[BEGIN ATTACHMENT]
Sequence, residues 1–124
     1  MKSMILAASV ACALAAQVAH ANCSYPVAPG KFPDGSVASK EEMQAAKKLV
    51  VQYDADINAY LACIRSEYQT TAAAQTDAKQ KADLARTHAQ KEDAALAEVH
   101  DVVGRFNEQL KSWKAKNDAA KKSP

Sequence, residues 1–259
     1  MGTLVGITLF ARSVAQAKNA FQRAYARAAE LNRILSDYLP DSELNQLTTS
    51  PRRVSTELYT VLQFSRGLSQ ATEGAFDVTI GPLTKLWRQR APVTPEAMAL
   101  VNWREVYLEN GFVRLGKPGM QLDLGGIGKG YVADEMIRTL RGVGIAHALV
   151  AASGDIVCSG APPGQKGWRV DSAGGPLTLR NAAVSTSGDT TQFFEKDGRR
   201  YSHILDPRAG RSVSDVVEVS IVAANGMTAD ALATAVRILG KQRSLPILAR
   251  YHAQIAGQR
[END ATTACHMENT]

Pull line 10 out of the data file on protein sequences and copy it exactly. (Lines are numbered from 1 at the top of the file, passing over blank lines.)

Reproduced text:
   201  YSHILDPRAG RSVSDVVEVS IVAANGMTAD ALATAVRILG KQRSLPILAR